‘Jay Brown’s severe underperformance as a CEO has made the prospect of his departure his greatest moment of outperformance.’

The main criticism from Elliott concerns the lack of return on the amount of money Crown Castle has spent on its fiber business. Elliott are right on this. If you look at the last annual report, the Towers segment had an operating profit of $3.5 billion on assets of $22.2 billion. The Fiber division had an operating profit of $1.1 billion on assets of $16 billion. Now that Mr. Brown is out, expect the company to perform a strategic review of the Fiber business.

Today’s letter also noted that one day after the initial letter sent to the Board, the company announced that the COO of the underperforming Fiber business would be made COO of the Tower business as well.

Long-time CFO, Dan Schlanger, announced in October that he will leave the company in March 2024. [Update 01-24-24 Mr. Schlanger is staying with the company].

Severance Package

Mr. Brown will receive a severance of 1x base salary ($1.06 million), plus target bonus (175% of base), plus actual bonus for 2023 (which won’t have been paid by the time he leaves in  January), plus prorated target bonus for 2024 (approx $80k). Restricted stock will also vest. According to the latest proxy statement, the total severance would have been valued at $10.2 million at December 31, 2022.


NRG Energy

This is the second recent success that Elliott has in ousting a Houston-area CEO.  On November, 20, Mauricio Gutierrez, CEO of NRG Energy, announced his departure from the company. Elliott first took a stake in NRG in 2017 and forced the company to refocus with some success. It exited the investment in late 2017 with a return of over 100%. Mr. Gutierrez incurred the wrath of Elliott when it bought Vivint, a home security business in March 2023 for $2.6 billion. Elliott disclosed a 13% stake in NRG in May.

Phillips 66

Elliott has also recently taken aim at a third Houston company, Phillips 66. It argues that the refinery margins are considerably lower than those of its peers.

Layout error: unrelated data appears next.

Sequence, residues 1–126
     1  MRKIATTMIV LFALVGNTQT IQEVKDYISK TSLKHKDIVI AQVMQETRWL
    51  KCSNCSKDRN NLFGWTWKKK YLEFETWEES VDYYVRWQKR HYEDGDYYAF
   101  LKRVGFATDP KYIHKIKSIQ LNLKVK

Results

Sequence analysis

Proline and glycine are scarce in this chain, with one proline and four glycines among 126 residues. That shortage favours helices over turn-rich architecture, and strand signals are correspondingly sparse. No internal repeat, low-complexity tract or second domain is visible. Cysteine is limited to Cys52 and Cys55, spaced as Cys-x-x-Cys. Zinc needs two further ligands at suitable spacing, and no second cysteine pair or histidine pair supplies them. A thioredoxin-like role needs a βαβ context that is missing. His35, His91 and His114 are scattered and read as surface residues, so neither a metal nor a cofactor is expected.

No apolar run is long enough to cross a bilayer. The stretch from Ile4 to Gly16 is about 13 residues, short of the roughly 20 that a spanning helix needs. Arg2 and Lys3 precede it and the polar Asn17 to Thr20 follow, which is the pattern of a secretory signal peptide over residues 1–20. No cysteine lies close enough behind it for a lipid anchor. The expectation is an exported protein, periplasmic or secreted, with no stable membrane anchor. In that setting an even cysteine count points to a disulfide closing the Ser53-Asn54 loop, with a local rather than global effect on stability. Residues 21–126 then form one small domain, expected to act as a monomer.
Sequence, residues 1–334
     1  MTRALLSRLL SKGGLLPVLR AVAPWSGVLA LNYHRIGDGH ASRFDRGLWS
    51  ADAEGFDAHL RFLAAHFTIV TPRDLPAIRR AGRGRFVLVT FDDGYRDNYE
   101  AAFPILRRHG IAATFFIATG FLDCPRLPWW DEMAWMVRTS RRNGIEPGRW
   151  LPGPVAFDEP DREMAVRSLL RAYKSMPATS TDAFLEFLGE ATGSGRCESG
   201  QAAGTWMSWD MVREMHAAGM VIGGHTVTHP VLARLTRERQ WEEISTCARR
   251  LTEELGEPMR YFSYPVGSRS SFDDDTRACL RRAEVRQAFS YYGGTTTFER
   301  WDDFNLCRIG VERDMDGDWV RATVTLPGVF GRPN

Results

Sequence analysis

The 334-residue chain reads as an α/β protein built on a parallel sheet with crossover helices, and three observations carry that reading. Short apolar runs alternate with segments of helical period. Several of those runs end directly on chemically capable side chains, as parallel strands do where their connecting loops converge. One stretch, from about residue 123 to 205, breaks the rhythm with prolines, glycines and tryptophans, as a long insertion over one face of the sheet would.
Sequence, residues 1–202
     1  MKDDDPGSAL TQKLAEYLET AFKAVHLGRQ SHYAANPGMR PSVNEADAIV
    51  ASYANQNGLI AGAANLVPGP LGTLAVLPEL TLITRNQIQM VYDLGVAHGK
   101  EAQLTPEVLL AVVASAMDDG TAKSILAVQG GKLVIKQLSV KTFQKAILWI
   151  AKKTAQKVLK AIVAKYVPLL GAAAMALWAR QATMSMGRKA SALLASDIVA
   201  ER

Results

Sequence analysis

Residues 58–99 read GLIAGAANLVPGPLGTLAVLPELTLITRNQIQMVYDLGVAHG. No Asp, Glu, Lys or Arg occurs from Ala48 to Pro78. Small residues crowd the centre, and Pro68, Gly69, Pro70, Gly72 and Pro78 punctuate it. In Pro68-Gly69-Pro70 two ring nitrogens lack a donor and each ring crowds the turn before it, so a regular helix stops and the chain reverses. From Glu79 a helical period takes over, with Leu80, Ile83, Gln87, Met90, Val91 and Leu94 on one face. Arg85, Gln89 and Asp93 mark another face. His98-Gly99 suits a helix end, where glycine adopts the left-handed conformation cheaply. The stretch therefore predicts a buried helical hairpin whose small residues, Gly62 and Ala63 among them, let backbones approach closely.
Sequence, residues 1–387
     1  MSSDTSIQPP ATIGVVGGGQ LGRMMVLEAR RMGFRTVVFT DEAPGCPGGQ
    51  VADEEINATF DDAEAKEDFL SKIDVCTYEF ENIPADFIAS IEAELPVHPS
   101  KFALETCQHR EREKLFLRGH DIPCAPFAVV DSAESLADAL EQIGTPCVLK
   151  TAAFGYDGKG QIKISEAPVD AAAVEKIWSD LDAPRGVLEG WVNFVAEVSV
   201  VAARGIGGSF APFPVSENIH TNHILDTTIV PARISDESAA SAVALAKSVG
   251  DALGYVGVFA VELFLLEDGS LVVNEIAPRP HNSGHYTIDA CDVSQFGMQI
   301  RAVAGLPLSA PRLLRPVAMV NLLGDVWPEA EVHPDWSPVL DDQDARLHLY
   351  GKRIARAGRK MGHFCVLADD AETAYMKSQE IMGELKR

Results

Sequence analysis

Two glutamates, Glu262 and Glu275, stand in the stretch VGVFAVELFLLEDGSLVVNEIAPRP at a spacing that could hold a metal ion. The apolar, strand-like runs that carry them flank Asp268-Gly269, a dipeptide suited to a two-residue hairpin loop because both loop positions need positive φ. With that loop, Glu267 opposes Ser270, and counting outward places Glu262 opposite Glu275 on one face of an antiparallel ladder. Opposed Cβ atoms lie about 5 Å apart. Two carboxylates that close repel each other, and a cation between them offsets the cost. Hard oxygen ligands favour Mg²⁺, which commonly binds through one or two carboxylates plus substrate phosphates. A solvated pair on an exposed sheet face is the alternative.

SEC filing – Crown Castle CEO departure


Crown Castle CFO to depart

Dan Schlanger, CFO of Crown Castle (CCI), will leave the company in March 2024. The company is conducting a search that will include both internal and external candidates.

[UPDATE 01-24-24 Mr. Schlanger has decided to stay with the company after the recent departure of CEO Jay Brown].

CCI owns and operates 40,000 large cell towers, 120,000 small cells and 85,000 miles of fiber. The company has revenues of around $7 billion, 90% of which comes from the rental of its infrastructure.

Back in July, the company announced it would cut headcount by 15% and close a number of regional offices. CCI has been suffering a downtown as the mobile operators complete their 5G rollout. The T-Mobile takeover of Sprint badly affected the company. This will reduce tower revenues by $200 million a year from 2025.

Mr. Schlanger was appointed the CFO in June 2016. Prior to joining CCI, he spent 9 years at Exterran, another Houston company. He has also worked for Merrill Lynch as an investment banker.

He will receive severance in accordance with the agreement he signed when he joined the company. That amounts to $1.4 million (1x base salary, $620k, 1x annual bonus, $620k plus pro-rata bonus for 2024, $155k).

In addition, any restricted stock units would also vest. According to the most recent proxy statement, these were valued at $1.6 million. That was assuming a stock price of $135 (the price at December 31, 2022). The current stock price of CCI is $90.

Mr. Schlanger is the second senior executive to depart in recent months. Back in August, Cathy Piche, Chief Operating Officer – Towers, resigned to take a position at Phoenix Tower International, a smaller competitor to CCI.

SEC filing – CCI CFO departure


Orbital Infrastructure files for bankruptcy

Orbital Infrastructure Group logo

Orbital Infrastructure Group has filed for Chapter 11 bankruptcy. The company, based in the Galleria, has been struggling for a while. It has negative equity of $155 million and $306 million of debt obligations.